As many companies gradually resume their pre-pandemic routine, return furloughed or laid off employees, and bring employees who have long become comfortable working in their PJs back into offices, immigration is resurfacing as the hot button issue it has been over the past couple of decades.
Unlike many legal areas that were more tolerant to involuntary violations during the world-wide health crisis and allow for a more gradual remedial path, immigration requirements remained, for the most part, unforgiving during even the worst of Covid-19.
The emerging problem is that many businesses are, to this day, unaware of their immigration missteps over the past year, effectively positioning them as “sitting ducks” awaiting the government’s enforcement efforts and resulting fines. When assessing their corporate behavior during the pandemic, companies habitually focused on their fairness towards the employee body as a whole with, for example, pay reductions seen as fair because they were conducted across the board, affected every employee of the business, and resulted in the absence of layoffs. While this approach may well have met the muster of employment lawyers’ review, it does not satisfy immigration regulations.
Thus, well-intentioned employers may find themselves in hot water with immigration and Department of Labor auditors if the across the board pay reduction brought the company’s sponsored H-1B workers’ pay below the wages guaranteed per the H-1B petitions and Labor Condition Applications filed with the government.
And what about furloughs? Weren’t they the life savers allowing companies to conserve valuable workforce throughout the hard times while providing certain assurances to employees whom they would have otherwise had to lay off? This may be true for U.S. workers, but furloughing H-1B workers amounts to the strictly prohibited “benching” and can bring the weight of immigration enforcement onto an unsuspecting company if uncovered by the government.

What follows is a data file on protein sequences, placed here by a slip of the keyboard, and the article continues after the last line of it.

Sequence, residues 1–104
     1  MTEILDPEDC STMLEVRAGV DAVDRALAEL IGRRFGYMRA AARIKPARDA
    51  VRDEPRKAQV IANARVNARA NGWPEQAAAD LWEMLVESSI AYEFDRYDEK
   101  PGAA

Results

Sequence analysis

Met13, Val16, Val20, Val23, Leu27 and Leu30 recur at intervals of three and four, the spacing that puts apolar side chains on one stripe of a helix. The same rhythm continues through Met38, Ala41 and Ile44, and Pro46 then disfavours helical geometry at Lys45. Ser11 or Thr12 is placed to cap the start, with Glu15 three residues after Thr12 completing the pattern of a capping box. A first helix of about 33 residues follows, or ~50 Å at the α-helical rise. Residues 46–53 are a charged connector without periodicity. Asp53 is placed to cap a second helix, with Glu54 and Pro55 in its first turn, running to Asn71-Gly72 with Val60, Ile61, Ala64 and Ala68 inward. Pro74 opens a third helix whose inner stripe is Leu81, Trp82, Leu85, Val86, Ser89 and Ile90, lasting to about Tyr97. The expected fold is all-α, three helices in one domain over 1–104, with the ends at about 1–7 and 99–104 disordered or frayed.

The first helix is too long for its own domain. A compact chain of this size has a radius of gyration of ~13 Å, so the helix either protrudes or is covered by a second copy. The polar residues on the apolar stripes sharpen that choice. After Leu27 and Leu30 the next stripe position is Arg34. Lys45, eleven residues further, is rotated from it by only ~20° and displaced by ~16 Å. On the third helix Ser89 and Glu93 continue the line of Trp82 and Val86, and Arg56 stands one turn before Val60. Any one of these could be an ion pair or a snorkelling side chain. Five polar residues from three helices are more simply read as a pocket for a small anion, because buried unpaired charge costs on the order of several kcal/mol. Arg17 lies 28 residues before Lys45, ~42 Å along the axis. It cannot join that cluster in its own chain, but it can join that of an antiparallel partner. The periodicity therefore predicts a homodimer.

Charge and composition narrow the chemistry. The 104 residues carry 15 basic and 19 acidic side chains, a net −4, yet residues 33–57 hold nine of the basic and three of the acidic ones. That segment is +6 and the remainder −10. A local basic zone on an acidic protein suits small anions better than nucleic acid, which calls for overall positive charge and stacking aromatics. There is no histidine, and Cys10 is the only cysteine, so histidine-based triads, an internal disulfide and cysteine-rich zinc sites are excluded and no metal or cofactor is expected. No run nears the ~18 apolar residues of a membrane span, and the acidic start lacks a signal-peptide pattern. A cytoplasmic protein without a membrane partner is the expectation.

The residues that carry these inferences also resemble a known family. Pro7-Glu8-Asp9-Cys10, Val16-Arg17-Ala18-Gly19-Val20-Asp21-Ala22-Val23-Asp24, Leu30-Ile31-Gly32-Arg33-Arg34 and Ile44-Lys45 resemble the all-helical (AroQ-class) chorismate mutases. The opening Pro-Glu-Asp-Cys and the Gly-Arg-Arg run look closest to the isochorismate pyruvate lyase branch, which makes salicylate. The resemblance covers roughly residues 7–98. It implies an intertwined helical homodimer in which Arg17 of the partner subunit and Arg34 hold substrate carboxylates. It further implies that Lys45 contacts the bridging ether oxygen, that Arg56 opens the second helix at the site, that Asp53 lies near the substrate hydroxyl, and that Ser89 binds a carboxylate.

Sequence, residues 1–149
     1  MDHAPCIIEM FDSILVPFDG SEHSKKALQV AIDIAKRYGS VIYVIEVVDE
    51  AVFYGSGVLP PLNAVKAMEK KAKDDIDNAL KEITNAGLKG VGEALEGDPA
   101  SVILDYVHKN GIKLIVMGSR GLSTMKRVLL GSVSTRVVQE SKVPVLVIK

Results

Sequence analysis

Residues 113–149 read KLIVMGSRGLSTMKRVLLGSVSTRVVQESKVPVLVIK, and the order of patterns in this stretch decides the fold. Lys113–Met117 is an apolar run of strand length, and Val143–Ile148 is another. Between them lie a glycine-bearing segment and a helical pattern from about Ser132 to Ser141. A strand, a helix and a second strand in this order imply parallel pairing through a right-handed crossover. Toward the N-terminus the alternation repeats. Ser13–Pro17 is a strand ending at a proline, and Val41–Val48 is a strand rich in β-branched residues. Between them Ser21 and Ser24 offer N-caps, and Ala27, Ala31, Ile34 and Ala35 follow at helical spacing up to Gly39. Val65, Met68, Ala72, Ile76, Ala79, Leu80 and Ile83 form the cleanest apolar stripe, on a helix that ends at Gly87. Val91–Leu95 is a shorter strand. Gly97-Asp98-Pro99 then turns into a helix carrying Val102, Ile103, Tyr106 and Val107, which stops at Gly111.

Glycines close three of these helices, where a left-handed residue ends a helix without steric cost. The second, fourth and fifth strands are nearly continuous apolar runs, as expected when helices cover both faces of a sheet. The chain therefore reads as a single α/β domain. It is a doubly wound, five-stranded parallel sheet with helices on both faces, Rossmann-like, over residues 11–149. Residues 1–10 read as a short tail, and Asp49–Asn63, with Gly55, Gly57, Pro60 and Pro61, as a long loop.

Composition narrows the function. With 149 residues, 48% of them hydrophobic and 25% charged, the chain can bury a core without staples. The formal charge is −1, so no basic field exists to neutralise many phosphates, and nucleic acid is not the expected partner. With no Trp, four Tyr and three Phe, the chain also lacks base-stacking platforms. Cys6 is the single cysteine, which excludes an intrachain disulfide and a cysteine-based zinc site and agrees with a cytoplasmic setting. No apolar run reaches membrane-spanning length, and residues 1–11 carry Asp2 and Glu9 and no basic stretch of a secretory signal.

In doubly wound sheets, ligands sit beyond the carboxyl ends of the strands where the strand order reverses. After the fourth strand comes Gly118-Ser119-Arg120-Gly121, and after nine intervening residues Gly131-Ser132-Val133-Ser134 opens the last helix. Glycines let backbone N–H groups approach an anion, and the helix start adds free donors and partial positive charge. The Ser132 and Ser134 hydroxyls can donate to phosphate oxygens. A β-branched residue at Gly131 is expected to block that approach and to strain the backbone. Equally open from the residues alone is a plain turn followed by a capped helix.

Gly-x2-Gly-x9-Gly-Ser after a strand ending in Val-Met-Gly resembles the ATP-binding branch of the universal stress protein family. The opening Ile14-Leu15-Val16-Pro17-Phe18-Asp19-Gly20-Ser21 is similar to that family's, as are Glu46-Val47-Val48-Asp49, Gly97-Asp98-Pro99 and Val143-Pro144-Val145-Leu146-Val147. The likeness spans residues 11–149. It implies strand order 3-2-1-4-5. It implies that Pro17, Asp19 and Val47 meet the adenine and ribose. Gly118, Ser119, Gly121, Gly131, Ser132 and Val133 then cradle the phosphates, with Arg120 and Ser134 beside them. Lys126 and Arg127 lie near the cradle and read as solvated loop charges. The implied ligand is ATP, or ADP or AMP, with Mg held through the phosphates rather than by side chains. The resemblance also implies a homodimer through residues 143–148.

Working remotely has become a norm for many professionals over the past 12 months, but for certain categories of sponsored foreign workers, a worksite is strictly defined and must be reported to the government with the initial immigration filing and updated upon its change. Failure to do so may result in both the employer and the worker’s immigration violation.
Also suffering during the pandemic were I-9 employment verification and related compliance measures. On one hand, the government relaxed certain in-person verification requirements, but most of the new rules affected only those businesses that had switched to offsite work in full. Use of the relaxed rules by a company that allowed some of its workforce to work from home would put the business at risk of I-9 violations.
To determine where your business stands on the issues above (and a few others as well), a good start is the following questionnaire to be answered by you HR and legal team:
- Has your company gone through a layoff or a furlough during the pandemic? If yes, which categories of employees were affected and were any sponsored workers among them? (Consequences of a layoff or a furlough are different for a foreign worker and the company than that of a U.S. worker.)
- Did the business reduce pay for its workforce due to Covid-19? Did this include foreign workers? If yes, did the pay cut result in lowering the foreign worker’s salary below guaranteed wages agreed upon during the H-1B proceedings? Have mandatory filings with the government been made?
- How did you approach employment eligibility verification and related compliance during the pandemic?
- Have you had a layoff, but are now looking to sponsor your foreign national employees for permanent immigration (Green Card)? If so, you need to consider effects of layoffs on your ability to do so.
- What have your work from home policies been over the past year and what are they going to be on a go-forward basis? If sponsored foreign workers were and/or are among those working off site, were mandatory postings made?
The above just scratches the surface of multiple immigration issues starting to come to light now that all of us are looking to return to “normal”, or whatever the new normal may be. While various government-imposed rules and regulations almost certainly are behind the times, enforcement efforts are never too far away. Now is the time for all employers to focus on immigration-related business practices.
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